Here is an interview with Maud Powell from the 1919 book Violin Mastery by Frederick Herman Martens. Powell is one of the more inspirational women in a field chockablock with inspirational women. She was born in a tiny town in the Midwest; became an internationally renowned performer with one of the biggest repertoires around; premiered the Tchaikovsky, Dvorak, and Sibelius concertos in this country; and championed the work of black, female, and American composers. Sadly, there are twenty-four violinists interviewed in this book, and Powell is the only woman. On the bright side, it’s a fantastic interview that touches on violin technique, Powell’s struggles with prejudice, and her championing of American composers.
For more information on Maud Powell and her legacy, head on over to the Maud Powell Society website. If you want to hear a lovely collection of late Victorian and Edwardian violin pieces with connections to Powell, take a listen to Rachel Barton Pine’s Tribute to Maud Powell.
Powell is often alluded to as our representative “American woman violinist” which, while true in a narrower sense, is not altogether just in a broader way. It would be decidedly more fair to consider her a representative American violinist, without stressing the term “woman”; for as regards Art in its higher sense, the artist comes first, sex being incidental, and Maud Powell is first and foremost – an artist. And her infinite capacity for taking pains, her willingness to work hard have had no small part in the position she has made for herself, and the success she has achieved.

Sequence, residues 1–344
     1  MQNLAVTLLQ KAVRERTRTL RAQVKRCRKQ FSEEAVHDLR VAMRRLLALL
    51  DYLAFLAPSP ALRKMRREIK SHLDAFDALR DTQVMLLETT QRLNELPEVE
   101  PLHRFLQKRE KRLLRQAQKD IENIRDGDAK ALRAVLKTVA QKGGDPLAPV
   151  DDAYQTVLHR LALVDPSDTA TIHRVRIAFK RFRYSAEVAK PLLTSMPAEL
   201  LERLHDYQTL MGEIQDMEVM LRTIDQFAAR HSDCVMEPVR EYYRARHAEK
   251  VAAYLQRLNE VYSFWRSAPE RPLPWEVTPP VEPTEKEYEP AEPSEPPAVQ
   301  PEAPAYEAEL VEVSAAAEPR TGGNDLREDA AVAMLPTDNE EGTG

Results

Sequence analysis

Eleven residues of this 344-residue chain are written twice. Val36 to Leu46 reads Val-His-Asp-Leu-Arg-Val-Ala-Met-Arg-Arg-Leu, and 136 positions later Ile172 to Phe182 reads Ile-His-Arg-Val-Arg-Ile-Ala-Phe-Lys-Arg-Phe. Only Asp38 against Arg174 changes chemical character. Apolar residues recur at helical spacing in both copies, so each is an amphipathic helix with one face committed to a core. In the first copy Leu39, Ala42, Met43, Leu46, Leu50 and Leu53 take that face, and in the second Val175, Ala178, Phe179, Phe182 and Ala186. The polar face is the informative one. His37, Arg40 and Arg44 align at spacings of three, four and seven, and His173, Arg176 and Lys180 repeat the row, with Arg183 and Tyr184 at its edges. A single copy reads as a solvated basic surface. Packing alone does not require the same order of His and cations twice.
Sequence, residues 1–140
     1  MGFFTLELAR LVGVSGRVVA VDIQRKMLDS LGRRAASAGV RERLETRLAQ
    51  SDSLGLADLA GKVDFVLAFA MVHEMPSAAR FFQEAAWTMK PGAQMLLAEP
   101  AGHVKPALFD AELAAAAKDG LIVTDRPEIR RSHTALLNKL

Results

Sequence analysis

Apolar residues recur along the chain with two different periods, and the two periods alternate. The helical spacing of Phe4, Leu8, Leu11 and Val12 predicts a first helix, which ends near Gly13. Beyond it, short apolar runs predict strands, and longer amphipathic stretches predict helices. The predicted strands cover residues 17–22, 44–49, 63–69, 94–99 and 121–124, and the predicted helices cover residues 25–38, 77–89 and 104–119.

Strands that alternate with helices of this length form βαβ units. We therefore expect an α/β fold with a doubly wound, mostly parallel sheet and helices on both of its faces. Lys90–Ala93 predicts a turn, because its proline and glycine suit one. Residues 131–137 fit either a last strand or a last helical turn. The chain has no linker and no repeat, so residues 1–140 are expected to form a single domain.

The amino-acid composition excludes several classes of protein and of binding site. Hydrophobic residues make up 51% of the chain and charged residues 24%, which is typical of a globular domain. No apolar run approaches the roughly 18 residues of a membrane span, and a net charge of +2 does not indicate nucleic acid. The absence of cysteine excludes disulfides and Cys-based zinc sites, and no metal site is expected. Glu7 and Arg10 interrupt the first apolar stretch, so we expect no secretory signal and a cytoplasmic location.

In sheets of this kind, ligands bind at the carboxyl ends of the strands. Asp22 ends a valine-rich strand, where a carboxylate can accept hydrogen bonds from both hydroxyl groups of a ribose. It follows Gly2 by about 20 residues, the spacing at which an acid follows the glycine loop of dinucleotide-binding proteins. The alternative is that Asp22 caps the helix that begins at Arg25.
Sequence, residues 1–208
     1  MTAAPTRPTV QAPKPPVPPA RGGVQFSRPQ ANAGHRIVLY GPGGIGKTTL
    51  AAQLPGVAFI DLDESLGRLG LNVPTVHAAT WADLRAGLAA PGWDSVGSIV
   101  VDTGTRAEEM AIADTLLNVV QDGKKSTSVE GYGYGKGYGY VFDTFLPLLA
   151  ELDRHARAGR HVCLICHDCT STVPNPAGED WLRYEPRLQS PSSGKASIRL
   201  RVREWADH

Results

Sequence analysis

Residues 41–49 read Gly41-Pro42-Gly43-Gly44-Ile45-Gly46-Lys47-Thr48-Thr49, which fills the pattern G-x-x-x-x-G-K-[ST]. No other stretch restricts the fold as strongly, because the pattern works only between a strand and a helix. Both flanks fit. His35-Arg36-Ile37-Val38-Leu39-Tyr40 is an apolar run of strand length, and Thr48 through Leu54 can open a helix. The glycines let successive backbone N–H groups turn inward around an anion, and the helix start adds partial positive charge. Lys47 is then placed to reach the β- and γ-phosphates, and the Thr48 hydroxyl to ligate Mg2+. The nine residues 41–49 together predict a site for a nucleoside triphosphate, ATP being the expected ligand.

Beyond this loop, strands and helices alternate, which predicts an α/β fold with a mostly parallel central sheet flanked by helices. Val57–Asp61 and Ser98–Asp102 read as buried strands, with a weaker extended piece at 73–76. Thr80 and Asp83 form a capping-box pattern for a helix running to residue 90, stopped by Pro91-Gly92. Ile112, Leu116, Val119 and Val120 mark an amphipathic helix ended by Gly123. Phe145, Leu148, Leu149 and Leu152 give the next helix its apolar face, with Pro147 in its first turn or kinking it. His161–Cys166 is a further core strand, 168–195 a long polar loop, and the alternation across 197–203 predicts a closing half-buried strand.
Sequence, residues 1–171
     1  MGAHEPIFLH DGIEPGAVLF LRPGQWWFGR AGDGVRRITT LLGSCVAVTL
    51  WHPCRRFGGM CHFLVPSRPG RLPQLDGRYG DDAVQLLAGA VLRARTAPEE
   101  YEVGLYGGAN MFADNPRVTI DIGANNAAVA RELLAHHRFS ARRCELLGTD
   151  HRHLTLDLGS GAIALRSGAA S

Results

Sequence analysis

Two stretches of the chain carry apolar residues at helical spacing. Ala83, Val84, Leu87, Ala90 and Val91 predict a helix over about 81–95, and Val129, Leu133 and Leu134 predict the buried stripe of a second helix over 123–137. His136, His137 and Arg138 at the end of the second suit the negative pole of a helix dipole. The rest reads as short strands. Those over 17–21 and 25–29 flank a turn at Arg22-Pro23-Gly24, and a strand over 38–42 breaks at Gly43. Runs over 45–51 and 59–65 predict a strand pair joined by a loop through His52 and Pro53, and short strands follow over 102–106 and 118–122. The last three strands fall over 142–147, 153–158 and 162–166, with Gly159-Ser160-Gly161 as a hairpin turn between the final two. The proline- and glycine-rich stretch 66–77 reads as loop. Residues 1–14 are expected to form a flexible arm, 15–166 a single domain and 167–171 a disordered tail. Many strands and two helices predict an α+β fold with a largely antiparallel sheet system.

THE DEVELOPMENT OF A CONCERT VIOLINIST
“Too many Americans who take up the violin professionally,” Maud Powell told the writer, “do not realize that the mastery of the instrument is a life study, that without hard, concentrated work they cannot reach the higher levels of their art. Then, too, they are too often inclined to think that if they have a good tone and technic that this is all they need. They forget that the musical instinct must be cultivated; they do not attach enough importance to musical surroundings: to hearing and understanding music of every kind, not only that written for the violin. They do not realize the value of ensemble work and its influence as an educational factor of the greatest artistic value. I remember when I was a girl of eight, my mother used to play the Mozart violin sonatas with me; I heard all the music I possibly could hear; I was taught harmony and musical form in direct connection with my practical work, so that theory was a living thing to me and no abstraction. In my home town I played in an orchestra of twenty pieces – Oh, no, not a ‘ladies orchestra’ – the other members were men grown! I played chamber music as well as solos whenever the opportunity offered, at home and in public. In fact music was part of my life.
“No student who looks on music primarily as a thing apart in his existence, as a bread-winning tool, as a craft rather than an art, can ever mount to the high places. So often girls [who sometimes lack the practical vision of boys], although having studied but a few years, come to me and say: ‘My one ambition is to become a great virtuoso on the violin! I want to begin to study the great concertos!” And I have to tell them that their first ambition should be to become musicians – to study, to know, to understand music before they venture on its interpretation. Virtuosity without musicianship will not carry one far these days. In many cases these students come from small inland towns, far from any music center, and have a wrong attitude of mind. They crave the glamor of footlights, flowers and applause, not realizing that music is a speech, an idiom, which they must master in order to interpret the works of the great composers.